The coronavirus crisis may have shunted climate into the sidelines as nations launched unprecedented shutdowns to try to slow its spread, but Guterres said the need for climate action was more urgent than ever.

In a searing assessment of the international response, Guterres said the pandemic should sharpen governments' focus on cutting emissions, urging them to use the crisis as a springboard to launch "transformational" policies aimed at weaning societies off fossil fuels. — AFP

March 8, 2020 - 4:22pm

As a child, Nguy Thi Khanh used to lie in the grass in her Vietnamese village and watch toxic emissions from nearby coal plants float past like clouds.

Today she is one of the few voices in Vietnam taking on the industry -- a rare female climate crusader pushing for renewables in a country where dirty energy is on the rise.

At 43, she has already founded Green ID, Vietnam's best-known environmental NGO, convinced the government to reduce some of its coal targets, helped spark a national conversation about rising air and water pollution, and won international plaudits for her work.

But it is not without risks: Dissent is not tolerated by the Vietnamese government and many activists have wound up in jail for speaking up against authorities. -- AFP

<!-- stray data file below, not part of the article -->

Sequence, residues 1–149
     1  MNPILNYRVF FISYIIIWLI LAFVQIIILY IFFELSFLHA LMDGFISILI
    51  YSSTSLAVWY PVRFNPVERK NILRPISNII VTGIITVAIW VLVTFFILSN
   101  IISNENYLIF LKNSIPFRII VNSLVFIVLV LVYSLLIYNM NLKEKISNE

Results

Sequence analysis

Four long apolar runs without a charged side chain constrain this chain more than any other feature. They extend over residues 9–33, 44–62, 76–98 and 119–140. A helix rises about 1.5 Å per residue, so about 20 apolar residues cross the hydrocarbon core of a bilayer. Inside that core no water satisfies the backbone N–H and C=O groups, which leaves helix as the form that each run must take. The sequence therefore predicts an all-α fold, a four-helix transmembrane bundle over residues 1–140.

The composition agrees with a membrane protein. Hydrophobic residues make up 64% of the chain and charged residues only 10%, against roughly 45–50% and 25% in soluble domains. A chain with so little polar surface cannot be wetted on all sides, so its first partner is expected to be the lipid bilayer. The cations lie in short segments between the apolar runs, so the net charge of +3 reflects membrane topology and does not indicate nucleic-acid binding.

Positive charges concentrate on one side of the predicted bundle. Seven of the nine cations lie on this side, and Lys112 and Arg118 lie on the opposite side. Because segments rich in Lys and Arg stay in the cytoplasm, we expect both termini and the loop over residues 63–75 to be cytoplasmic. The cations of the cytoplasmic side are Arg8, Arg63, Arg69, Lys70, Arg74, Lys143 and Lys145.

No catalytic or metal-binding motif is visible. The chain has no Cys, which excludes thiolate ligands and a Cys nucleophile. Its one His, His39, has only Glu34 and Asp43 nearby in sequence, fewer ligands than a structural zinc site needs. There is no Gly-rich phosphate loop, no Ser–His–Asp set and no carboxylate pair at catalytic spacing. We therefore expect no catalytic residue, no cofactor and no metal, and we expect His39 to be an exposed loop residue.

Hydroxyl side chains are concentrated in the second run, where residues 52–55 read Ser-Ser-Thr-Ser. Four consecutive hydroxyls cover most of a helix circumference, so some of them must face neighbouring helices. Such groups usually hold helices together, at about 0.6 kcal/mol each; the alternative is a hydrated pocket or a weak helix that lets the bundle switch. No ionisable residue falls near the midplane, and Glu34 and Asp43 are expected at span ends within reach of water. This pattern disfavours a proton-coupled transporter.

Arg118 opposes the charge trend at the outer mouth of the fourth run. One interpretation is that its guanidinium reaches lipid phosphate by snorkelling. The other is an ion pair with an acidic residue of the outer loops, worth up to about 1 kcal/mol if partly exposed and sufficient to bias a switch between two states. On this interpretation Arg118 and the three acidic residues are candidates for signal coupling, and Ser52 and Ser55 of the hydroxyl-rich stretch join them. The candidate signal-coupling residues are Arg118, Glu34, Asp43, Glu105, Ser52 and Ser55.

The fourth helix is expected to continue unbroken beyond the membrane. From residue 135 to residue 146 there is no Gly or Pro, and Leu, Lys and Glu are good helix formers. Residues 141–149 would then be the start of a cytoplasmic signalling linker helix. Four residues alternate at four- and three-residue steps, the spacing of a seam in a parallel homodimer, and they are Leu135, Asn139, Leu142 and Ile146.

March 8, 2020 - 10:24am

New analysis by the Nestpick 2050 Climate Change City Index says Bangkok could be hardest hit by global warming.

And while it is not alone facing such a threat — Venice, New Orleans, and Jakarta are predicted to be underwater by 2100 — it does have a secret weapon in its battle to negate the impact of a hotter planet: renowned architect Kotchakorn Voraakhom who preaches mindful development over mindless construction.

"We are talking life and death in this situation," says the 39-year-old who is hoping to bring Bangkok back from the brink, as scientists warn extreme weather — flooding and droughts — could ravage the city, leaving as much as 40 percent submerged in the next decade.

Kotchakorn says: "I don't want to face it with fear. At this moment we have a chance to make change... We have to do it right now to show the coming generations that this is possible. It is not about sitting and waiting and doing the same thing." — AFP